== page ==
Last updated: December 15, 2018
Immigration and Disease
- Grade Level:
- High School: Ninth Grade through Twelfth Grade
- Literacy and Language Arts,Social Studies
- Lesson Duration:
- 60 Minutes
- Thinking Skills:
- Analyzing: Break down a concept or idea into parts and show the relationships among the parts. Creating: Bring together parts (elements, compounds) of knowledge to form a whole and build relationships for NEW situations. Evaluating: Make informed judgements about the value of ideas or materials. Use standards and criteria to support opinions and views.
How can we ease tensions in society that most newly-arriving immigrants are spreading contagious disease?
Discuss several reasons why American society has accused newly-arrived immigrants of harboring disease to the United States.
Compare why these societal apprehensions towards immigrants existed a hundred years ago, but sometimes carry-on in today’s society.
For the past one-hundred and fifty years, American society has associated newly-arrived immigrants with spreading contagious diseases. Masses of immigrants (many of whom arrived to escape disaster and catastrophes) faced unfounded discrimination as they entered the country. Public sentiment argued that the Irish carried diseases like typhoid and cholera; Italians had polio; Jewish immigrants were labeled to have tuberculosis. We still do this today. Take a look at SARS, HlNI and AIDS and see who takes the fall. With the recent Ebola outbreak, this topic has taken a renewed focus. This lesson takes a historic look at immigration and disease.
Access to the Internet (for the Daily Show clip)
Pen and paper
1. Introduce students to the topic with a clip from "The Daily Show." http:/ /thedailyshow.cc.com/videos/9hryow/immigrant-disease
2. Inform students that before we had films, people used political cartoons (and still do) to galvanize people around issues. Explain that in this activity, students will be analyzing political cartoons that address current issues. They will consider the illustrator's point of view, how the illustrator makes his or her point and what perspectives or considerations are not presented in the illustration. They will also think about and share their own ideas regarding issues raised in these cartoons.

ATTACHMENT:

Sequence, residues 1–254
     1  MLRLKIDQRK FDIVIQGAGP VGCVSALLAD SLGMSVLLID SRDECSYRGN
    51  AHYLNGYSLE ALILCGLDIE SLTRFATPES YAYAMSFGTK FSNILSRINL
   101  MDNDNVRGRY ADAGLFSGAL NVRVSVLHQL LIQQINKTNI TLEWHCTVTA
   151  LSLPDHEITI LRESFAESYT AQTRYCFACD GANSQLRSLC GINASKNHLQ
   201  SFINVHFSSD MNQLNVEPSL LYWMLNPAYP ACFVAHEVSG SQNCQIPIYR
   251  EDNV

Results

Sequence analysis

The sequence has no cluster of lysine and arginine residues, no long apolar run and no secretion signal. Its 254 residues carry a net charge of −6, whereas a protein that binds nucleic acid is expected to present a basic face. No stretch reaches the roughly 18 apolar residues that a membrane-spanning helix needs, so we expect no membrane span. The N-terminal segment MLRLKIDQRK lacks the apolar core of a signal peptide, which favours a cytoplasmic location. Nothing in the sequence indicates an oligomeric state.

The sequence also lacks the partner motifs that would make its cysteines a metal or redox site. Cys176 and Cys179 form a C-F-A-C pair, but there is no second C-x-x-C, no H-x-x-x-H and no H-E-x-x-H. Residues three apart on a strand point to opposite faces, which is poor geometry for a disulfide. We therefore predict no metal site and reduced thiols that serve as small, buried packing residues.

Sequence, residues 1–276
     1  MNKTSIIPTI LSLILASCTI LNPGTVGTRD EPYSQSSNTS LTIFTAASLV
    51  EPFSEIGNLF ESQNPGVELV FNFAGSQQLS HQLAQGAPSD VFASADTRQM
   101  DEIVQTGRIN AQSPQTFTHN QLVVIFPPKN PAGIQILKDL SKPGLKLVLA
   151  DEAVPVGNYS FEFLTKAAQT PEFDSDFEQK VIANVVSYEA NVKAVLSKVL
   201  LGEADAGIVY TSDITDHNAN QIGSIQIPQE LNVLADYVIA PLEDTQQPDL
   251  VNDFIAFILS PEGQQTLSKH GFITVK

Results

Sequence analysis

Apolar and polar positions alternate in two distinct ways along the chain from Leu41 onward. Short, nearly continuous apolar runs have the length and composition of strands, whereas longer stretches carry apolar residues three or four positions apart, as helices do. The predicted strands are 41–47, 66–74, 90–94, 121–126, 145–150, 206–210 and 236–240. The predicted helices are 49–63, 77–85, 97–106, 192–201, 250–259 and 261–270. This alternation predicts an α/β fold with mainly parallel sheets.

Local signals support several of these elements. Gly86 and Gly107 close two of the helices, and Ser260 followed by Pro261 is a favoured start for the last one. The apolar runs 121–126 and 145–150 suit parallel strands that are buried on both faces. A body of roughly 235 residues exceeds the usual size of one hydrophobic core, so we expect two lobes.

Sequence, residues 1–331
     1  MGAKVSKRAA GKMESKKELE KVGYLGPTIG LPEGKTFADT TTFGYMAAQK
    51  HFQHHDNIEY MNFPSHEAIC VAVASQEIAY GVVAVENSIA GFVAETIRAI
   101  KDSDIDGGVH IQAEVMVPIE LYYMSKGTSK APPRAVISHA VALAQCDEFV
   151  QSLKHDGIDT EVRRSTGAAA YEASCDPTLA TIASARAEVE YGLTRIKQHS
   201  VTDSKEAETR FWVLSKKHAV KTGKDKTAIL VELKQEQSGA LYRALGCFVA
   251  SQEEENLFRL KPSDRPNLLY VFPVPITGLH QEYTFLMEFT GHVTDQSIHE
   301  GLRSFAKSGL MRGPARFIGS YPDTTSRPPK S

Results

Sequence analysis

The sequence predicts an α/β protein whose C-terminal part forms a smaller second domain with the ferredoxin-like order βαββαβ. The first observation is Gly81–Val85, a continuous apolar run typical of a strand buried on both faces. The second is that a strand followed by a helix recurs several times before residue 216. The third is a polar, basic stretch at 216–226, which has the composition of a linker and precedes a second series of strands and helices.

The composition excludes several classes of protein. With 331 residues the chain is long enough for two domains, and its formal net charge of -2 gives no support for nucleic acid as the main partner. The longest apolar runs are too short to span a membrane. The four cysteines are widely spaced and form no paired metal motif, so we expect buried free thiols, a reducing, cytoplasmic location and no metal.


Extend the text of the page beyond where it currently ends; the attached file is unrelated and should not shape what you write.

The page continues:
3. Divide the class into groups of four. Instruct each group to analyze a specific set of cartoons. Ask them to discuss the following questions:
What was the illustrator trying to say?
How did he or she attempt to do this? Are the characters in the cartoon symbols of a broader group or idea?
What group or individual perspectives are NOT represented in this illustration?
Ask each group to share their cartoons with the class and to summarize their answers to the questions. Encourage them to report back on any different interpretations they had within their group.
4. Ask students to have an informed discussion about their observations to the political cartoons. Compliment their discussion with these readings produced by political pundits of various ideologies. Please check out the following websites for more information to the topic: http://www.washingtontimes.com/news/2005/feb/12/20050212-112200-6485r/ http:/ /www.slate.com/articles/news and politics/politics/2014/07 /immigrant scaremongering and hate conservatives stoke fears of diseased.single.html
5. For either set of cartoons/images, ask the group to discuss one or more of the following questions. (Featured on the next page)
Cartoon Set A-Contemporary views of immigration, labor, and healthcare
Cartoon Set B -Ideas about U.S. immigration past and present
Why do you think people created and published these cartoons? What was each author hoping to achieve? Who is the intended audience?
How does each illustrator want the reader to feel about immigration?
Whose interests do these viewpoints serve?
What do you think about the contemporary cartoons? Do you agree or disagree with the illustrator's point of view?
How did the American society express their concerns about newly-arrived immigrants?
To what extent have these issues changed over time?
When you compare the cartoons, what is the difference between the statements they are trying to make?
6. Assessment Evidence: Ask students to ponder why these apparent connections between immigrants and disease have persisted in our ideology. In what ways can we curb these unfair stereotypes and unfounded criticisms from disrupting our future conversations? Have students compose a one-paragraph response.